Startups and patent strategy – an introduction
5 March, 2021 by
Startups and patent strategy – an introduction
| No comments yet

Patent protection is a difficult topic for many people, including startup founders. Most startups therefore do not file any patents. Dutch government organisation RVO believes this is a waste and has provided this guest post to address how they can benefit from patents with the right strategy.

About the authors: Yp Kroon (IP-expert) and Myra Verkuijl (communications advisor) work at the Dutch Patent Office (Octrooicentrum Nederland), which is part of RVO. 

Common misconceptions about patents

The three most well-known preconceptions about patents are:

  • they’re expensive
  • they’re only of benefit to major companies
  • they’re fatal to innovation.

But are these true? We at the RVO disagree. Startups can make patents work for them. First: a little bit of theory.

Three conditions for a patent

A patent protects an invention on a technological product or process. If you have a patent you can prohibit others from copying, selling or introducing your invention. A patent applies for a maximum of 20 years. After this time, anyone is free to use the technology from your invention.

Unlike copyright protection, which is received automatically, you need to apply explicitly for patent protection. To make a successful application, your invention must meet three conditions:

  • It must be new. The product or process must not be known anywhere in the world at the time that you apply for your patent. Your invention must not even be on a self-printed sheet of A4 that you handed out during a seminar at the University of Kazan.
  • It must be inventive. Your invention must be an inventive solution that is not self-evident to a professional.
  • It must have an industrial application. It must be possible to produce your invention on an industrial scale.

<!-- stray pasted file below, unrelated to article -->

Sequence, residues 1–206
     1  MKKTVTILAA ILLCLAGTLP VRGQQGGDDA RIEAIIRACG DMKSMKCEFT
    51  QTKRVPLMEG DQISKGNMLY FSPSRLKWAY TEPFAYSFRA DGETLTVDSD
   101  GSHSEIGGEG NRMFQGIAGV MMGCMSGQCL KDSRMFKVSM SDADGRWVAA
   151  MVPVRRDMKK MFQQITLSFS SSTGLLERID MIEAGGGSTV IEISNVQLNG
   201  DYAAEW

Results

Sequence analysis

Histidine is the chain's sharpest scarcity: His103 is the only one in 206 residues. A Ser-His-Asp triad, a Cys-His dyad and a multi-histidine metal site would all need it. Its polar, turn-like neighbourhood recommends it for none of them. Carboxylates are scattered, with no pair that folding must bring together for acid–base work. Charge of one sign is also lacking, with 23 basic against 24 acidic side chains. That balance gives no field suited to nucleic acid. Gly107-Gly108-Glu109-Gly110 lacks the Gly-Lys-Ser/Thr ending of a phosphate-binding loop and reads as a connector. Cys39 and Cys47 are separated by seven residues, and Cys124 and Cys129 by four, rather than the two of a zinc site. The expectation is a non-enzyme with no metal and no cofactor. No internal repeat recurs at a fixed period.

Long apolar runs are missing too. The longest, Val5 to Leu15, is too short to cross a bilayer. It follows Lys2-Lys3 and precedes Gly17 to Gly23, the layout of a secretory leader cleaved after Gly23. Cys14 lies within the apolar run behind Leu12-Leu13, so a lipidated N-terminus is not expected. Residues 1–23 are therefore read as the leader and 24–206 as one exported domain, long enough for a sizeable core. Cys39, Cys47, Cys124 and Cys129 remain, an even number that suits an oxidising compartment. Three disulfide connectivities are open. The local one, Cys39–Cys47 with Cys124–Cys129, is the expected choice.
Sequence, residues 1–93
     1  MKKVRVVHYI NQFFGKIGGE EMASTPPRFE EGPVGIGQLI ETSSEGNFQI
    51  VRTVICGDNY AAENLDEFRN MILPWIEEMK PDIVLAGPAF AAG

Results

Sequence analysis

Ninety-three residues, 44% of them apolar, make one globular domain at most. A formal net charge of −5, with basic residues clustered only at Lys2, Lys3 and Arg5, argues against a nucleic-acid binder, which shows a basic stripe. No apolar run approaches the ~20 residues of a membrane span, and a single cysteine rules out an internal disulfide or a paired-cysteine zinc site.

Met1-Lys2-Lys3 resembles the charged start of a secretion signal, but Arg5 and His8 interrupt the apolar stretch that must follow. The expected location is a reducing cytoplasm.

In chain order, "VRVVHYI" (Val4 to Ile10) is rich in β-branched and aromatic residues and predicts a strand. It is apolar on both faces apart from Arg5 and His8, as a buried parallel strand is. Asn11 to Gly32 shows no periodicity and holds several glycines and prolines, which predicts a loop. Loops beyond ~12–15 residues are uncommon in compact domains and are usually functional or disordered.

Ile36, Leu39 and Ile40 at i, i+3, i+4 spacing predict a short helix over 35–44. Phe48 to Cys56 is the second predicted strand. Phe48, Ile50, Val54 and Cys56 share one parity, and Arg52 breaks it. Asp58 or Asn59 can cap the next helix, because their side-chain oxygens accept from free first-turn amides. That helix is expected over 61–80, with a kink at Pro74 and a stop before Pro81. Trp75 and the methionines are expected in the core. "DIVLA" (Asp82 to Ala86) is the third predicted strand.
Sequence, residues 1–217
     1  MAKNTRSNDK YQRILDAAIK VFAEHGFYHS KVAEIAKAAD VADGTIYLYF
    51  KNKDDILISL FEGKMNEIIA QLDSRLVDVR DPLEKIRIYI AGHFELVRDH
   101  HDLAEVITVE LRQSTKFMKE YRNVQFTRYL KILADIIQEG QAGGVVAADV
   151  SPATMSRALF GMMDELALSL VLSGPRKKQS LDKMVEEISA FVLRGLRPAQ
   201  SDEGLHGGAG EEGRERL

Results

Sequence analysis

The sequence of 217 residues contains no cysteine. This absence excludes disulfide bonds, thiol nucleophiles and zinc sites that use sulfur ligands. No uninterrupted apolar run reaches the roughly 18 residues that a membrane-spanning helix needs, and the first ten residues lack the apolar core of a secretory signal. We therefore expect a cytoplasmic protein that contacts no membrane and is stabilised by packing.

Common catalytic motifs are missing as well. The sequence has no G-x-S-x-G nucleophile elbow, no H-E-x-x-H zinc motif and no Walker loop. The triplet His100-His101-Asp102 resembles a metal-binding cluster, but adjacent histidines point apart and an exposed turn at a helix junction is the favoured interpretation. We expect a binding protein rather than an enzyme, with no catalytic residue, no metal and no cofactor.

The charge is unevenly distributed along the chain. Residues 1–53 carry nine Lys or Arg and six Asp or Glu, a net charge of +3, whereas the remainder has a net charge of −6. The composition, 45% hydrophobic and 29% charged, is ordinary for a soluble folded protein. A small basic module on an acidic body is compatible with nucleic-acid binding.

Startup? Make your patent work for you

The costs for a patent are high. They start with the – relatively low – costs of a patent application. On top of this, there are the annually increasing costs of maintaining your patent: the maintenance fees. You have to pay these for every country in which you have applied for a patent. And that will be expensive.

To decide if the cost is worth it, smart startups ensure they have a well-thought-out patent strategy as part of their business strategy. They do the following:

  • At an early stage, smart startups consider whether they want to protect or share their invention, or keep it secret. The choice depends on their business model, among other things. The IE-kompass (Intellectual Property Compass) – PDF – is a handy tool that explains all protection options.
  • They only apply for a patent if it makes sense. For instance, because it gives them a good negotiating position if they are looking for collaboration partners or investors.
  • Smart startups only apply for a patent in specific countries. Countries where they themselves want to do something with their invention or countries where they can profit through licences on their invention.

Free source of inspiration for everyone

Every invention ever patented anywhere in the world is public. Imagine: more than 90 million patents you can search and from which you can retrieve all kinds of information. What are the trends in the various technological fields, where are your competitors, who could you possibly collaborate with and so on and so forth? You can search patent-search via Google or via the European Patent Office directly. Searching through this treasure house of information (better known as patent databases) can be difficult though.

Available support from Dutch government

The Netherlands Patent Office runs free workshops which will teach you how to search effectively. The Netherlands Patent Office can help you to strengthen your negotiating position. We can provide free help, for instance when you are looking for patent information, workshops, guest lectures, talks with patent consultants, e-learning modules and patent education.

Image: from RVO IE kompas

Sign in to leave a comment